The Software Licensing and Protection Services (SLP Services) are a new suite of solutions delivered by Microsoft, designed to narrow the gap between the limitations of the end user license agreement and what users will ultimately be able to do with the software. Thomas Lindeman, group product manager of SLP Services emphasized from the get go that the Software Licensing and Protection Services is a distinct set of products from the internal Software Protection Platform anti-piracy technologies integrated into Windows Vista
and Windows Server 2008, formerly code-named Longhorn.
“The Code Protector SDK is a software development toolkit with an intuitive user interface, application programming interfaces (APIs) and code samples. The Software Licensing and Protection Server, in standard and enterprise editions, allow the ISV to host their own servers, create licenses for their products and offer them in very flexible scenarios, either directly or through partners. SLP Services enables simple creation of machine-based licenses, time-based licenses for subscription models and trials, user-based licenses for roaming, as well as feature-based licenses ? supporting a wide range of business models. The SLP Online Service allows partners to do all of their license management without hosting their own servers,” Lindeman explained.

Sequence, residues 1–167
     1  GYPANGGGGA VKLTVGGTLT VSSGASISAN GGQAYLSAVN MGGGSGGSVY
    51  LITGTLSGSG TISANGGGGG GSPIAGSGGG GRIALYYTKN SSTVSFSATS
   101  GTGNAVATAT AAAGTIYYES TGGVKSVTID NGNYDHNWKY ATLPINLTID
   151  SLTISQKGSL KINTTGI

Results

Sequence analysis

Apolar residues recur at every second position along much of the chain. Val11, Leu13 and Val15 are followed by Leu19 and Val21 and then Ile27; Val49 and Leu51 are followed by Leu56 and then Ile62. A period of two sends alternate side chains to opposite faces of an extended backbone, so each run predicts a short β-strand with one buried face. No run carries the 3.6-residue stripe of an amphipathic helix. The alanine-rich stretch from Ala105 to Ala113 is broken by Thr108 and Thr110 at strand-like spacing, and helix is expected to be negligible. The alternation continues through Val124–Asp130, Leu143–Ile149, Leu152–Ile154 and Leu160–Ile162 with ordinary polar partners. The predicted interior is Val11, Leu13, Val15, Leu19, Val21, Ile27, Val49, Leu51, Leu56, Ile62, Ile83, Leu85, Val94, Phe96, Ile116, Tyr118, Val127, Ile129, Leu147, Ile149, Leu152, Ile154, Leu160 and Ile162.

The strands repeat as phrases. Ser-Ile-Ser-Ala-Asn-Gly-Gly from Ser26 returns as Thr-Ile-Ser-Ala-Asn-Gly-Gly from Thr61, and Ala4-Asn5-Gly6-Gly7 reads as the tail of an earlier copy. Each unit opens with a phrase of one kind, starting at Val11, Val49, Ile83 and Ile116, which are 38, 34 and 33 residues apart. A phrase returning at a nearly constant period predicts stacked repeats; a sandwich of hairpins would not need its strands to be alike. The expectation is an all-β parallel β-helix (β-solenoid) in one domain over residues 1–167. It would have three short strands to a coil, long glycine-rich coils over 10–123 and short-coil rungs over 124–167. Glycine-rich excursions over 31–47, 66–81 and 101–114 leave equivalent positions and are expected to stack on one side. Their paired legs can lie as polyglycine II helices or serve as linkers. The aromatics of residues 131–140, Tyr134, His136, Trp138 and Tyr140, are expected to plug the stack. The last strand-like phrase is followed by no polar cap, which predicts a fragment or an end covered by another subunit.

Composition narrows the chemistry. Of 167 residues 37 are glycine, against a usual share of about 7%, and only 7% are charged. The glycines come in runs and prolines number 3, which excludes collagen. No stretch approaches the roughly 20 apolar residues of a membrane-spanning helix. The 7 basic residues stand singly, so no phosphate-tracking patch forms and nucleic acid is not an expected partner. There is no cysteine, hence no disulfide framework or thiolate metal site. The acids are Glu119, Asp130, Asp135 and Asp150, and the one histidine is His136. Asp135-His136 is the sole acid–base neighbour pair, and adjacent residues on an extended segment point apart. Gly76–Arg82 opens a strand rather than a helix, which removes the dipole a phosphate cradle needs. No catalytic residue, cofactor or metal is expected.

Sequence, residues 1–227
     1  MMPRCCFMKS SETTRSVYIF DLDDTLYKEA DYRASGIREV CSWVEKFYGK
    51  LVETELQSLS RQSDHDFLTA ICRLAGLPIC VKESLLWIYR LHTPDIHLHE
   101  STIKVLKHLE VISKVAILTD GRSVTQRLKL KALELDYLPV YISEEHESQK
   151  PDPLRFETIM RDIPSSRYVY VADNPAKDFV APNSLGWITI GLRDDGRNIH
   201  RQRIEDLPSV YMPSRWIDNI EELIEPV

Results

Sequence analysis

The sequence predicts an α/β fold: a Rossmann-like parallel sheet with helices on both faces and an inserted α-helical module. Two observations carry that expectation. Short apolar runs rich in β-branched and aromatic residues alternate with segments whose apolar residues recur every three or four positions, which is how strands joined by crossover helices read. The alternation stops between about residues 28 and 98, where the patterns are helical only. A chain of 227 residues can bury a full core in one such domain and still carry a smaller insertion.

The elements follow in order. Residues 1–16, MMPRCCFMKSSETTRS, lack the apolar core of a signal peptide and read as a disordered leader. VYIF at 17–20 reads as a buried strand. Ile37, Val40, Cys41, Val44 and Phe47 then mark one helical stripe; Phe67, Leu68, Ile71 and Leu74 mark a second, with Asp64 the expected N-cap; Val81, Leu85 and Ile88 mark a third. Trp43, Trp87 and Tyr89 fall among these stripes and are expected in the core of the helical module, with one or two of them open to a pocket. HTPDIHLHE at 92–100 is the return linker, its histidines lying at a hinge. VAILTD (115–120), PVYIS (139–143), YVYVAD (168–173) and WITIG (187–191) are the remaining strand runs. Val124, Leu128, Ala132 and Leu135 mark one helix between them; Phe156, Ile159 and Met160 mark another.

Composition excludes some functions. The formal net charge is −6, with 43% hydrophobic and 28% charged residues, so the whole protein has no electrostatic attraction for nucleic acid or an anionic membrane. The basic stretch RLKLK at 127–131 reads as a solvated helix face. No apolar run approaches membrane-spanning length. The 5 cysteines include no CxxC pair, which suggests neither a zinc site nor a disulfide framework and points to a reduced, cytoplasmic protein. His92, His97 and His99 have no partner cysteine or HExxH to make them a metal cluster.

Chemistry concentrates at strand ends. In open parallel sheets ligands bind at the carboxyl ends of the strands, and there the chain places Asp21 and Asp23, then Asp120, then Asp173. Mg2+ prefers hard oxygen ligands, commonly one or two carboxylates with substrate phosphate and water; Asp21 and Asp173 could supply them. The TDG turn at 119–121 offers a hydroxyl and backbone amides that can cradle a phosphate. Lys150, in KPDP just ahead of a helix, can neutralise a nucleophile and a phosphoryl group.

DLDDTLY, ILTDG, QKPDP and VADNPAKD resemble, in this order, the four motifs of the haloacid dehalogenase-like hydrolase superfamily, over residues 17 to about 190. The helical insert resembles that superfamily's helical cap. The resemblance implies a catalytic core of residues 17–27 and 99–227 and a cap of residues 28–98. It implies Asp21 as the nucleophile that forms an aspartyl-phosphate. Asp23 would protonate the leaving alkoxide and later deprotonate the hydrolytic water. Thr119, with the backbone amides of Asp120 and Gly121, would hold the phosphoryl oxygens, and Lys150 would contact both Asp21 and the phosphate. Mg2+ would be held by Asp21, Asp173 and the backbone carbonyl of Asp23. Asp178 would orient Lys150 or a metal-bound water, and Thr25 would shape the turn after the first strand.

All the products under the Software Licensing and Protection Services umbrella will be made available in November 2007 and will enable developers to protect their software against piracy, hacking, and reverse engineering. But ultimately, the SLP services will give ISV complete control over what customers can and cannot do with the software. In this context, the suite of anti-piracy services will ensure that users are permitted to do only the actions stipulated in the license and nothing else.
“As far as licensing enforcement, sometimes we call it “positive control,” which means that what you intend your end users to do is all they can do, and the SVM handles this protection and management as well. So there is a client-side license enforcement process that makes it down to the end user, and then the licensing component of the code protection software looks at that license and controls the application in whatever way the license states. It basically enforces the license?s rules,” Lindeman added.
Microsoft, Windows Vista, Reduced Functionality, Third Parties, Software Licensing and Protection, Software Protection Platform, SLP